Rapids in Canyon Rivers
Evidence from river surveys, historical photographs, and field investigations show that 410 rapids in 12 canyon rivers of the Colorado Plateau region are distributed randomly or only slightly more regularly than random. Rapids, in their distribution, show little tendency toward equal spacing, are not related to discharge, and are not always colocated with debris sources. Analysis of force of flowing water and resistance of the boulders in rapids of the canyons of the Green River in Dinosaur National Monument, Utah-Colorado, shows that although some particles may have been moved by flood flows within the past 75-100 years, the largest particles were not moved. Under the present climatic/hydrologic regime, these rapids are relict geo-morphic features that are either unchanging or are accumulating debris from tributary sources. Consequently, any theory attempting to explain the distribution and dynamics of rapids in canyon rivers must (1) appeal to the relationship between force and resistance as a measure of stability at particular sites, without reference to operation of the river system as a whole; and (2) account for the effects of climatic/hydrollogic conditions that have recurrence intervals greater than 100 years.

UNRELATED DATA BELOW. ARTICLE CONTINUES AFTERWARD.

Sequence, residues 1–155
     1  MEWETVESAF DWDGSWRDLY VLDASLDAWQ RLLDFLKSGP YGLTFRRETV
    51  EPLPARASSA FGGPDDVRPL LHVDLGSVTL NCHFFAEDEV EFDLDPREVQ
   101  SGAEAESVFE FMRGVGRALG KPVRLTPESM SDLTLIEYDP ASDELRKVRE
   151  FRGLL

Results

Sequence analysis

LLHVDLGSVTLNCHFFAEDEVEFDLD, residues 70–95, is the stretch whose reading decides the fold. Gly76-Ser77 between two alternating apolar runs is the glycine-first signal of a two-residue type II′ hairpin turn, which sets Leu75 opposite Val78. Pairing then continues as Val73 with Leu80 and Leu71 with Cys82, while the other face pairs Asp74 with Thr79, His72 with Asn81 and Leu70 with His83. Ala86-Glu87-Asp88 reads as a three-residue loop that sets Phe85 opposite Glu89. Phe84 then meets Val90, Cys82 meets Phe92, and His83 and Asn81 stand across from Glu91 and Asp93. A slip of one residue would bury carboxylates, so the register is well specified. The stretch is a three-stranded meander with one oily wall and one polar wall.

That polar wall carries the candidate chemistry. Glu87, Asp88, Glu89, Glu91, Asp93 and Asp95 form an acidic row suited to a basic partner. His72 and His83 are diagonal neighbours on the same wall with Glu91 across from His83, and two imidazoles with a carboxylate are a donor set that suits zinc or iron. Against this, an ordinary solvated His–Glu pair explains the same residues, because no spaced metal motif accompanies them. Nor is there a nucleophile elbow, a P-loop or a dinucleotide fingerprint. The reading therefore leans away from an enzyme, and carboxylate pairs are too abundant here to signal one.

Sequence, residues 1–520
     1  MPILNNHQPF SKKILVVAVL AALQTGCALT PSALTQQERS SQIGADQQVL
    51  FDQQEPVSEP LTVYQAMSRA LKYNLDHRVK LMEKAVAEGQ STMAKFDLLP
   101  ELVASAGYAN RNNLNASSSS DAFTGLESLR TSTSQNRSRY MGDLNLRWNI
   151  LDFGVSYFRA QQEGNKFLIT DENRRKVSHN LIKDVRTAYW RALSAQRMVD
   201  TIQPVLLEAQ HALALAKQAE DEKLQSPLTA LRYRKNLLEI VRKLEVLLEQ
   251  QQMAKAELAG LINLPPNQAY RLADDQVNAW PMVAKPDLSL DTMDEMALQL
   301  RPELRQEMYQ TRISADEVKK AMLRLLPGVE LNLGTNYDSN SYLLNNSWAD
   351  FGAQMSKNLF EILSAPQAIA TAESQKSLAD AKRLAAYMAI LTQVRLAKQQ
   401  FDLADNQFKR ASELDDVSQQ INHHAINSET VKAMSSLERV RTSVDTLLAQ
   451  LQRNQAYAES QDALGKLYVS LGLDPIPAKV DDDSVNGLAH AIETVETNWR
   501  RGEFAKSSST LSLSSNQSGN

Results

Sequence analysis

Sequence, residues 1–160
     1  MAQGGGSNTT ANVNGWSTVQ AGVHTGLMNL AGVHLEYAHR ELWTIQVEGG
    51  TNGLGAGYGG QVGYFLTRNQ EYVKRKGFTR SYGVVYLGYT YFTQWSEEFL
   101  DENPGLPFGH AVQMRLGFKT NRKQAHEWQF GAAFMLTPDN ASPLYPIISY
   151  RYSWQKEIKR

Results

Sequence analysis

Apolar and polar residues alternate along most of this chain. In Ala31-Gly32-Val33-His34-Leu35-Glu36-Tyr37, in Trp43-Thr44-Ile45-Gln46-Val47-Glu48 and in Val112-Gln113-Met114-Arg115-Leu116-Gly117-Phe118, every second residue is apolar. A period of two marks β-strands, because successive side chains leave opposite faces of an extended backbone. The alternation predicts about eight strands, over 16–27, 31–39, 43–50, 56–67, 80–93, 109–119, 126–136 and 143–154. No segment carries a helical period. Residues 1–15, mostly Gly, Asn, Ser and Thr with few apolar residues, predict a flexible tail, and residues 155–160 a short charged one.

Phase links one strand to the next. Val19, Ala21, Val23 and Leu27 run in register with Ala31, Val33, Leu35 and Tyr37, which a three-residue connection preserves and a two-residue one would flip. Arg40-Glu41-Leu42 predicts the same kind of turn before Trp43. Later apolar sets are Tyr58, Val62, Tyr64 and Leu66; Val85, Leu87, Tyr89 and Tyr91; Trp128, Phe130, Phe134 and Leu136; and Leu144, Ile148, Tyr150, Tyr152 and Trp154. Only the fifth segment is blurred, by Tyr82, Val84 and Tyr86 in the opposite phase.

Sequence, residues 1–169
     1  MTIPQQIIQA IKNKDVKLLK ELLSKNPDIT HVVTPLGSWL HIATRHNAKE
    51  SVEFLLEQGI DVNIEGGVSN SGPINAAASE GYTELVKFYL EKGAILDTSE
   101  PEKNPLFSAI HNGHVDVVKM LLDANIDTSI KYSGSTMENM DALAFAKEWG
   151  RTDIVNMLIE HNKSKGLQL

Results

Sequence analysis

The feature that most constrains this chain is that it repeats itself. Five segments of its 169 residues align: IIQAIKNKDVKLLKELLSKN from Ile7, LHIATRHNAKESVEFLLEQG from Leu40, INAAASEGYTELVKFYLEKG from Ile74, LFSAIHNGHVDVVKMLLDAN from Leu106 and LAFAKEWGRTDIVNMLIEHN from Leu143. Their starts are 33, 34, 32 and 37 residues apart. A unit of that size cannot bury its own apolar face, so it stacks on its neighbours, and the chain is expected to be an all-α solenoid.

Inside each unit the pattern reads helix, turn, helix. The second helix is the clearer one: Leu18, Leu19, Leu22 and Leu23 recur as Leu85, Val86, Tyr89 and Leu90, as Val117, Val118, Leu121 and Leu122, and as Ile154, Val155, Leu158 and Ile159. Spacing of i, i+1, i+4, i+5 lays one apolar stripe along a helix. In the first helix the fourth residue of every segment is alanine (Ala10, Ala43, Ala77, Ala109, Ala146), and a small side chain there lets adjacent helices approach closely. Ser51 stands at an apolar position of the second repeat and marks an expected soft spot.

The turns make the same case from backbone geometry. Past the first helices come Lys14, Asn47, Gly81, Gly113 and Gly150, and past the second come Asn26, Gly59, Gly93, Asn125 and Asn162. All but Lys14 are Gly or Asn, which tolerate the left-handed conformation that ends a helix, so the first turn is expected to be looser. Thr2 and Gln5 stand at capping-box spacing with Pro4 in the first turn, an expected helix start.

Published in Journal of Geology, Volume 87, Issue 5, 1979, pages 533-551.
© 1979 by University of Chicago Press
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